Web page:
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Understanding Food Amy Brown. Chapter 13: Eggs. Just a few examples of how eggs are used in food preparation: Structure Thickening Color Emulsifying . Leavening Binding Coating Glazing Clarifying. Composition of Eggs. Composition of Eggs. The egg has five major components:

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composition of eggs
Just a few examples of how eggs are used in food preparation:










Composition of Eggs
composition of eggs1
Composition of Eggs
  • The egg has five major components:
    • Yolk
    • Albumen (egg white)
    • Shell membranes
    • Air cell
    • Shell
purchasing eggs
Purchasing Eggs


  • The Egg Products Inspection Act of 1970 requires that egg processing plants be inspected and that their eggs and egg products be:
    • Wholesome
    • Unadulterated
    • Truthfully labeled
purchasing eggs1
Purchasing Eggs


  • The best-quality eggs are graded USDA Grade AA, followed by USDA Grade A.
  • USDA Grade B, the lowest grade.
purchasing eggs2
Purchasing Eggs
  • Sizing is not related to grading in any way.
  • Eggs are sold in cartons by various sizes determined by a minimum weight for a dozen eggs in their shell.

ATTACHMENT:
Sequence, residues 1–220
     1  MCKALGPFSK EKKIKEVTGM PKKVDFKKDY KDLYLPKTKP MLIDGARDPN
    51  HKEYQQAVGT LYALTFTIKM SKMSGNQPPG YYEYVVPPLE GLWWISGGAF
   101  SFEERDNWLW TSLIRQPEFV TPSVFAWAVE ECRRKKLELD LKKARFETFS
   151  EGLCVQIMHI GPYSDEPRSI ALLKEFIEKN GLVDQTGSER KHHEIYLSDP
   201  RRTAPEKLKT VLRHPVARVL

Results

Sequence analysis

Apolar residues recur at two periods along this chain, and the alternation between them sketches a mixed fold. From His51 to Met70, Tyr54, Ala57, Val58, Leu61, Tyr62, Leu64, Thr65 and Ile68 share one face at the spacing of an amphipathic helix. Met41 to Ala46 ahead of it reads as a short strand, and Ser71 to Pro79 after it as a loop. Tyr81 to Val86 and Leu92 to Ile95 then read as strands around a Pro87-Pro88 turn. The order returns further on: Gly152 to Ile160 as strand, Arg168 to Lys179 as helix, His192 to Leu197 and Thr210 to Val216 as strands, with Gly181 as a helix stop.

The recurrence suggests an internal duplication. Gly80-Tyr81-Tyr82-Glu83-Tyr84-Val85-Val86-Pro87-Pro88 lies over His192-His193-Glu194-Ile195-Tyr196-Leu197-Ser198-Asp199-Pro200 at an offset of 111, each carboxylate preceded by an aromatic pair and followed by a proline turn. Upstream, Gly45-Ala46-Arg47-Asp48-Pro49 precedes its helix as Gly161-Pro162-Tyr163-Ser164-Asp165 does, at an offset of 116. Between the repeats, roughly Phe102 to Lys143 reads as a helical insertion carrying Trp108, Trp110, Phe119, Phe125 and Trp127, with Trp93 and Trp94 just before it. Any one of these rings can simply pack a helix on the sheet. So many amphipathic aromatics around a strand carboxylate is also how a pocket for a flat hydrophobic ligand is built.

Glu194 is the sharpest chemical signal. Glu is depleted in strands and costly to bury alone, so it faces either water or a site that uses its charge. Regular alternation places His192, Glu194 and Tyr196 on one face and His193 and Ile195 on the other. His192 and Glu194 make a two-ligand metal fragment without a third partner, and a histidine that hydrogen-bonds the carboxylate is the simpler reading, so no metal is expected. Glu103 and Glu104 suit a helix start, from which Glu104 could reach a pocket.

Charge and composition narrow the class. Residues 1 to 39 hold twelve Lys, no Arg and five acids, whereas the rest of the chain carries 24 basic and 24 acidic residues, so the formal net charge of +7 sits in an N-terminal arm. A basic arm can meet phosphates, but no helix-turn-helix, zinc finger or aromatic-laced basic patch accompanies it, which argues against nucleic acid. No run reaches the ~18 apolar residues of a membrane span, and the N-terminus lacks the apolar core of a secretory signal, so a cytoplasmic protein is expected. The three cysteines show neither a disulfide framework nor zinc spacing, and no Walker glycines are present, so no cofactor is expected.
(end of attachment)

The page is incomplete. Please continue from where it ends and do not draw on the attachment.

functions of eggs in foods
Functions of Eggs in Foods
  • Eggs are often combined with other ingredients.
  • Their unique ability to:
    • Flavor
    • Color
    • Emulsify
    • Thicken
    • Bind
    • Foam
    • Interfere
    • Clarify

…makes them nearly indispensable in cooking.

preparation of eggs
Preparation of Eggs

Changes in Prepared Eggs

  • The key to cooking eggs is to keep the temperature low and/or the cooking time short.
  • Egg whites and yolks coagulate at different temperatures.
storage of eggs
Storage of Eggs
  • Eggs begin to deteriorate as soon as they are laid and lose quality very rapidly at room temperature.
  • An egg will age more in one day at room temperature than in one week in the refrigerator.
storage of eggs1
Storage of Eggs
  • The size of an egg’s air cell provides another indication of its age.
storage of eggs2
Storage of Eggs


  • Freezing a whole egg is not possible because it will crack under the expanding liquids.
  • Food manufacturers solve this dilemma by breaking the eggs open at the processing plants where the contents are frozen
    • Whole (whites and yolk mixed together)
    • Separated as whites or yolks
storage of eggs3
Storage of Eggs

Safety Tips

  • The chances of an egg being internally contaminated are relatively low, less than one in 10,000 commercial eggs.
  • It is more common for contamination to occur during handling and preparation after the egg has been removed from its shell.